Tim

Message from Tim

 

In a nutshell?

I have been reflecting on my message in last week’s bulletin, in which I postulated that nothing about what we believe as Christians is self-evidently true: when it comes to understanding our faith, we are all called to be
life-long learners, so that our faith grows and develops as we do.

‘That’s all very well,’ someone may ask, ‘but are there any core Christian beliefs which are non-negotiable, which everyone can take for granted?’ Some would point to The Apostles’ Creed as a basic summary of the Christian faith, which all believers should be able to recite. Yet what if someone has reservations about the virgin birth? If it is mentioned in the creed, does that make it fundamental to our faith? If we think so, then we end up using the line ‘born of the Virgin Mary’ to exclude those who doubt something we regard as essential. That is how creeds work: most of them were designed to set limits on orthodox belief, safeguarding church unity by anathematising dissent.

So for me, signing on the dotted line as a Christian is not about being able to give mental assent to lines in a creed; instead it is all about being ready to make the simple declaration, ‘Jesus is Lord,’ words which probably uttered by the earliest Christians when they were baptised. You can see how much weight the apostle Paul attaches to this affirmation when he claims that only those who have the Holy Spirit can say these words (1 Corinthians 12:3). To say that ‘Jesus’, the prophet from Galilee who was put to death on a cross, is now ‘Lord’ is a radical claim indeed. And it is one which is central to the Christian faith: in his book, Unity and Diversity in the New Testament, Jimmy Dunn argued that the unity between the historical Jesus and the exalted Christ is the single theme which binds together the many diverse theologies expressed in the New Testament writings.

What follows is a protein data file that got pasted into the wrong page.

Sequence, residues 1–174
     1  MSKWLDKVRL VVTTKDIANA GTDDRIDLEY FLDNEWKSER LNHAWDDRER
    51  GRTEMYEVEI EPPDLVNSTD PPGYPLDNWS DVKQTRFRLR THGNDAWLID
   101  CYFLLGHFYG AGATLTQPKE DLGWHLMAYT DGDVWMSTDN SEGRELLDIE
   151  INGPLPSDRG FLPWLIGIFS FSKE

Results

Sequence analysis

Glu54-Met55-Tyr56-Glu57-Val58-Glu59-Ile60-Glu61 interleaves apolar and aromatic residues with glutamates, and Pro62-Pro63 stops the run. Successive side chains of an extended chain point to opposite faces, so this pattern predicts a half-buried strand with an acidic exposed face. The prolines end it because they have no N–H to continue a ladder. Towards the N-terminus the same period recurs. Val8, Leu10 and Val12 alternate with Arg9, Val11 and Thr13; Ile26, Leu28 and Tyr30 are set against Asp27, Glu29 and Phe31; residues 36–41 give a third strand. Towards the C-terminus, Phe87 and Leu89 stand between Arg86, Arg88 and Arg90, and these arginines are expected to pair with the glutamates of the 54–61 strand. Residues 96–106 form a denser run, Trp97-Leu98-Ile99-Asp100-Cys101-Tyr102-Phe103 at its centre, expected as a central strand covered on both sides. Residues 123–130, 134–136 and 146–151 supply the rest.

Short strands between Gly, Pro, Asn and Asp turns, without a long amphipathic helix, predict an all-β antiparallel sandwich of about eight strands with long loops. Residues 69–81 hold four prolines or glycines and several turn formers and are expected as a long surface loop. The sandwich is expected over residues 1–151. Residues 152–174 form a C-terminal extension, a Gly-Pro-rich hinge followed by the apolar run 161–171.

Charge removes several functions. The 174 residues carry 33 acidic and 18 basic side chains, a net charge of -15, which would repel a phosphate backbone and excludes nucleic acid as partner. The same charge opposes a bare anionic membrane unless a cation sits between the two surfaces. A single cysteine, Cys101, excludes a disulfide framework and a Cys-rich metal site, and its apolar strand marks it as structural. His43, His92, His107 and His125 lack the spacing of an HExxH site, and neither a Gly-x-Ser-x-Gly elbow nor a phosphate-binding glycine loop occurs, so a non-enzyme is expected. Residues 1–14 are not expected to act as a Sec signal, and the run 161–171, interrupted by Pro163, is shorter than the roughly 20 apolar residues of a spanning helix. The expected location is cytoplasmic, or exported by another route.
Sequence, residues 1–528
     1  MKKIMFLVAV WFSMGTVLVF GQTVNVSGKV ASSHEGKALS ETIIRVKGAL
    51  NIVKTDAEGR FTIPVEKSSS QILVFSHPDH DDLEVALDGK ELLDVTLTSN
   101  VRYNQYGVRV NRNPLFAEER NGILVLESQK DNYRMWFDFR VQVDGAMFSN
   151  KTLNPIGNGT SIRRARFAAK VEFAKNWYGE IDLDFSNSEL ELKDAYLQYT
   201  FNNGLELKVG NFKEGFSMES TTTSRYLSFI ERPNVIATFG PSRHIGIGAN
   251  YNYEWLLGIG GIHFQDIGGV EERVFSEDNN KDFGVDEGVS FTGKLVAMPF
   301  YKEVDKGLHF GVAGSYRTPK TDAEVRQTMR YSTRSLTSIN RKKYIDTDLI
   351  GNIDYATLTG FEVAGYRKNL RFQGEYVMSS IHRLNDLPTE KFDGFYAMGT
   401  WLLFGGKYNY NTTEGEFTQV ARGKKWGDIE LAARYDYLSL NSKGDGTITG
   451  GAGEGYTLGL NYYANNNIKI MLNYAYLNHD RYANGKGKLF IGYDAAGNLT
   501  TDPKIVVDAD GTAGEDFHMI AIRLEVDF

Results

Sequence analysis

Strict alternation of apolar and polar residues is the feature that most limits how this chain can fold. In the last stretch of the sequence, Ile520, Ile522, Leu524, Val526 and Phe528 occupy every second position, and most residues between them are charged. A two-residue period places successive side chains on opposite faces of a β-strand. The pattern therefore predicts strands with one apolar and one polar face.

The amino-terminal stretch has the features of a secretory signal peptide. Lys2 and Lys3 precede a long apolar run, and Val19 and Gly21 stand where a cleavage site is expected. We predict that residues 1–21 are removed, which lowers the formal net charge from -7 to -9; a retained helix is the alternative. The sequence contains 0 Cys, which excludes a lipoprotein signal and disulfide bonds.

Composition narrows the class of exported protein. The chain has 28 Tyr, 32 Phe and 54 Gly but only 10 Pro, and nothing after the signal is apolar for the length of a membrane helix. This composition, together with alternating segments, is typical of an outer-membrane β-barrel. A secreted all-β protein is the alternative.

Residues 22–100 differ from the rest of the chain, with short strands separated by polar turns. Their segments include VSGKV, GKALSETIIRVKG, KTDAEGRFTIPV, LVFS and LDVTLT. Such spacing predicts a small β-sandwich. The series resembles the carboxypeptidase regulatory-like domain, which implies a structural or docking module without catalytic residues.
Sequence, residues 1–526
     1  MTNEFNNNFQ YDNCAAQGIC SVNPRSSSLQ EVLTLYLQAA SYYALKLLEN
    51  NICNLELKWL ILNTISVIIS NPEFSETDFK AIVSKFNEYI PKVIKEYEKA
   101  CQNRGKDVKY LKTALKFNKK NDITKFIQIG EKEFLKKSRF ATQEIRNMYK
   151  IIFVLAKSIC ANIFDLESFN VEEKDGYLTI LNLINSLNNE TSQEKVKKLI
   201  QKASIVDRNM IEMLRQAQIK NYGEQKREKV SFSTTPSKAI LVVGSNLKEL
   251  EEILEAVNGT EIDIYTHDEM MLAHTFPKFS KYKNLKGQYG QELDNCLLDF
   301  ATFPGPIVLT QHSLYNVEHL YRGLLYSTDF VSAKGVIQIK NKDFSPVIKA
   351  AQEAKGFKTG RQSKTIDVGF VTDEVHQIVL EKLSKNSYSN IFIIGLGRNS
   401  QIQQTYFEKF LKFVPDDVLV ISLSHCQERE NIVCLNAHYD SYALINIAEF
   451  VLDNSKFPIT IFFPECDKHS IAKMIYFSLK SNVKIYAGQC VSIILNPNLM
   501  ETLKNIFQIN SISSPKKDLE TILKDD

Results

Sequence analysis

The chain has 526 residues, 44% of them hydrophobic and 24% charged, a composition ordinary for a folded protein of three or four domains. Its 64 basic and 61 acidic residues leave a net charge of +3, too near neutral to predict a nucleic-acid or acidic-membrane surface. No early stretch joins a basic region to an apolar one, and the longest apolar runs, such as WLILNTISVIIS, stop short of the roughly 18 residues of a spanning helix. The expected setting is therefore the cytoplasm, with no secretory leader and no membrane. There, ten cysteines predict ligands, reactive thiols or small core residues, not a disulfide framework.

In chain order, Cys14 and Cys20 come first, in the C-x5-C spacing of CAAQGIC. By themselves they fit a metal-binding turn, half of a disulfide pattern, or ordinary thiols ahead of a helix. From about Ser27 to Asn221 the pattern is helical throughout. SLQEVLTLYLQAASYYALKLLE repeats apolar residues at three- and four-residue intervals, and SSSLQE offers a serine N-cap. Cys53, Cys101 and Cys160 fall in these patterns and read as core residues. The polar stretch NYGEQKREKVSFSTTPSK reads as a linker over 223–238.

What does it mean to say that Jesus is ‘Lord’? It is a claim which makes no sense unless Jesus’ crucifixion was followed by some form of resurrection, or exaltation, or vindication by God. And since ‘Lord’ is a title used to designate God himself, to say ‘Jesus is Lord’ suggests also that ‘Jesus is God’, a claim which opens the door to Trinitarianism with all its attendant complications. And many early Christians knew that if they said, ‘Jesus is Lord,’ they could not also say ‘Caesar is Lord,’ and they were prepared to pay a heavy price for refusing to compromise on their sole allegiance to Christ. This is only a declaration you make if you are deadly serious about where your loyalties lie. 

To declare that Jesus is Lord is to submit to his authority, so saying these words will change how I live now and in the future. But I am not alone: in the church I find others who make the same confession, and we are committed to supporting each other as we live this out in a host of practical ways. And the scope of Jesus’ lordship is universal, with far-reaching implications for mission and prayer: as Adam Kuyper said, ‘There is not a square inch in the whole domain of our human existence over which Christ, who is Sovereign over all, does not cry, Mine!’

WARNING: Saying ‘Jesus is Lord’ can have a serious effect on your life. But it is a declaration which is foundational to the Christian faith. Can you say it? Do you mean it? What difference is saying these words going to make to the rest of your life, starting today?





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